Duell Shaw knew from an early age that he would one day join the military. By the time he graduated from high school, all his friends had signed up and were fighting overseas. “I had to go,” he recalled.
At the Army recruiting station, an infantry airman pushed him to become a combat medic if he wanted to see action and have a skill set if he got out of the military. The position did indeed give Shaw an opportunity to “scratch both those itches.” He served with the 10th Mountain Division from 2009 to 2013, during which he was awarded the Combat Medical Badge. In order to receive this award, the individual must be performing medical duties while simultaneously being engaged by the enemy.
After the Army, Shaw was halfway through nursing school when combat buddy Doc Joshua Errett called him up. “He and I fought side-by-side; he is one of the best light fighters I now,” Shaw said. “Errett told me he was making his way through Special Forces selection and that this was where we belonged. I wanted to join a higher tiered fighting group after Afghanistan, but chickened out for fear of failure. Taking a step back and looking at my current track, I said in my heart, ‘Not again. Not this time. I will not chicken out. I will go for it.’ So I left the nursing program to apply for medical school. I set my path towards the biggest, meanest dragon I could see. Perhaps my coffee that morning had been extra strong.”
Not only was Shaw accepted to the Burrell College of Osteopathic Medicine, where he will begin classes in the fall of 2019, but he was also awarded the Southwest Foundation for Osteopathic Education and Research’s Friends of Military Veterans Scholarship. He said that receiving the scholarship not only boosted his confidence, it has given him the motivation and financial freedom to excel scholastically.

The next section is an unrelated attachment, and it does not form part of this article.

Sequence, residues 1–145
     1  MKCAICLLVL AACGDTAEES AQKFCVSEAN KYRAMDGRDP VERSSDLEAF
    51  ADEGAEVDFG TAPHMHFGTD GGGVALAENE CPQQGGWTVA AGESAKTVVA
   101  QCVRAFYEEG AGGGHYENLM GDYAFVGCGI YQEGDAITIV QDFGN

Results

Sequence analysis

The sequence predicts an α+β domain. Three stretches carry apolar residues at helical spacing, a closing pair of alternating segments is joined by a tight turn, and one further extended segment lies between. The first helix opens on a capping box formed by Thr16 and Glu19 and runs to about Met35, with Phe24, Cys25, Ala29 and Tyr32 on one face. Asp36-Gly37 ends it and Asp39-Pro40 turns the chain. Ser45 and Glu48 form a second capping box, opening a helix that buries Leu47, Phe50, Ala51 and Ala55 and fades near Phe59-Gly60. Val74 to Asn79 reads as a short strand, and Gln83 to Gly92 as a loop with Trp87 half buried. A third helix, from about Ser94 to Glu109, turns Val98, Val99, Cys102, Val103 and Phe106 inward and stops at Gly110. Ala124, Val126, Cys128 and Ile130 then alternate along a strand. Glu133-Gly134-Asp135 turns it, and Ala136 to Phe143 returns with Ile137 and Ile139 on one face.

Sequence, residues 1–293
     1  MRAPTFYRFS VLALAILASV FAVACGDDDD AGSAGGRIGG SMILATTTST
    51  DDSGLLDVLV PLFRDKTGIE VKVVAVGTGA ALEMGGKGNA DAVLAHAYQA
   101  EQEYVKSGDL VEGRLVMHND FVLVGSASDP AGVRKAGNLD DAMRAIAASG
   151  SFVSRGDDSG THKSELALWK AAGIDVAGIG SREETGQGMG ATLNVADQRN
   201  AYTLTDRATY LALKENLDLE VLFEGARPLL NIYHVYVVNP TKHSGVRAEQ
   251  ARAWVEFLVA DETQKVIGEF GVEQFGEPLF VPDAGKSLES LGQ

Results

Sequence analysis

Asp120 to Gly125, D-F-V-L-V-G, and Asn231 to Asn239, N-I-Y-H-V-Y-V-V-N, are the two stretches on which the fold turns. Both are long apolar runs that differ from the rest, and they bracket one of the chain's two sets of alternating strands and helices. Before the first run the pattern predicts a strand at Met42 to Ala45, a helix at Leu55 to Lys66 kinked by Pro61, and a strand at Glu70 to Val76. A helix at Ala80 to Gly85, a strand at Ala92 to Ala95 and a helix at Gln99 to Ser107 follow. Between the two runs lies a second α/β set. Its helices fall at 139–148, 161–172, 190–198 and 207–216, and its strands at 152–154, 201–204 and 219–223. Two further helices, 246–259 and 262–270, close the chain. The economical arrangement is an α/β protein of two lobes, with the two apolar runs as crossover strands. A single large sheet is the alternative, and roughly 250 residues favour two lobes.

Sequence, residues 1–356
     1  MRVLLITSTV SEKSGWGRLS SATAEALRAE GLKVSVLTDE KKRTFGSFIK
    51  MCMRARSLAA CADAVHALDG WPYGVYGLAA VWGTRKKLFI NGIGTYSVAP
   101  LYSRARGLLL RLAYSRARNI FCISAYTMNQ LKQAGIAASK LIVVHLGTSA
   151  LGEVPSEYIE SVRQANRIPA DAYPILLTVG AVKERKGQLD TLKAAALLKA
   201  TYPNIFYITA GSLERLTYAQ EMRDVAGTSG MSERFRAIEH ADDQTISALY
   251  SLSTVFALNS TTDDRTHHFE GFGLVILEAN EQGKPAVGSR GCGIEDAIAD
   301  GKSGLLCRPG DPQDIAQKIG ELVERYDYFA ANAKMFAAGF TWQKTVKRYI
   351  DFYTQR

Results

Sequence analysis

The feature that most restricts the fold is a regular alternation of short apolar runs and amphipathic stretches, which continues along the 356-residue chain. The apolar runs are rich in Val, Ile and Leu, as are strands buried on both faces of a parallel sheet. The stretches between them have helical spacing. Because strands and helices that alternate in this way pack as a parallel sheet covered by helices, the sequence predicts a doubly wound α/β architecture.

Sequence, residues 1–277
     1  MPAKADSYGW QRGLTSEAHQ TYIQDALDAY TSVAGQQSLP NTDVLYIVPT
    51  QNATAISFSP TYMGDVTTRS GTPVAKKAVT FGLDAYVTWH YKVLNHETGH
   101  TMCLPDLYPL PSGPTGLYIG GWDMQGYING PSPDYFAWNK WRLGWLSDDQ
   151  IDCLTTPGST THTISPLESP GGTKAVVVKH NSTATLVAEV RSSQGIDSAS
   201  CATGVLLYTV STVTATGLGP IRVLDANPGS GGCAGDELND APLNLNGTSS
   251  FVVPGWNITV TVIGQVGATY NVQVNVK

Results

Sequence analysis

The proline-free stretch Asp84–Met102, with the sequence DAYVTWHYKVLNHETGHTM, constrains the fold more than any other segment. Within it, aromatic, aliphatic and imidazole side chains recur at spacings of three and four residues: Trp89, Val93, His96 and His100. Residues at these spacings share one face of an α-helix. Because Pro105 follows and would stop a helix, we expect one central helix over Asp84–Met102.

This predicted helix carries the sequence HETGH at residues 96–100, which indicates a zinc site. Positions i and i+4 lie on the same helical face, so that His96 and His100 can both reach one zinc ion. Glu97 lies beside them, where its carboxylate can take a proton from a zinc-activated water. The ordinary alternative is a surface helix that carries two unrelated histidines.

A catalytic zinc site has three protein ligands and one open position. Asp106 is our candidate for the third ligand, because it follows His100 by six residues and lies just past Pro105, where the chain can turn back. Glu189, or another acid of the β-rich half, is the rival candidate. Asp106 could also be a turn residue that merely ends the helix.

He said, “Every student has a small bit of doubt that a school truly wants them and that mayhap some small unfortunate thing will have their offer rescinded. The first thing I did after receiving this scholarship was slump over and go, ‘Okay, they really do like me.’ It raised my morale knowing that they believed in me and trusted that this monetary bolster will help a good cause. Battles are won or lost on morale. Over the past two-and-a-half years of pre-med, I have doubted all of it. But when a committee sits down to review files and says, ‘This one here, he’s on the right track, let’s give him some reinforcement,’ the doubt fades for a time and the end goal is made visible. BCOM and the Friends of Military Veterans Scholarship committee members have invested time and money into me. Therefore, I must carry on, I must do the right thing, and I will fight through. I have often stated at the end of my previous letters to scholarship committees ‘Let’s Slay Dragons,’ and here at BCOM I can tell we are going to do just that. Hooah!”